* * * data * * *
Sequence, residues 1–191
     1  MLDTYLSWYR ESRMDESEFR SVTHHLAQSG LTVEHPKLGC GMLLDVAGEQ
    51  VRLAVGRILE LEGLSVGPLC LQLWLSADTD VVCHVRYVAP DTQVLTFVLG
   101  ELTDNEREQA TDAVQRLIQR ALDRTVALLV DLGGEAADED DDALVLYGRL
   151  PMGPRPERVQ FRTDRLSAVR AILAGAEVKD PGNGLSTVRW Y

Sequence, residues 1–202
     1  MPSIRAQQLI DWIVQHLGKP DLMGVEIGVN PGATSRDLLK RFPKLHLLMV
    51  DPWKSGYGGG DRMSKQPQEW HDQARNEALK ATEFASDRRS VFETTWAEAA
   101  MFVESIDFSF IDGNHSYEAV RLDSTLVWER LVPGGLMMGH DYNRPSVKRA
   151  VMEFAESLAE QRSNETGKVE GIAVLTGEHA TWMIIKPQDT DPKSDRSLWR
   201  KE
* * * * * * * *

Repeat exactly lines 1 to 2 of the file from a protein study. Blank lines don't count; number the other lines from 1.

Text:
Sequence, residues 1–191
     1  MLDTYLSWYR ESRMDESEFR SVTHHLAQSG LTVEHPKLGC GMLLDVAGEQ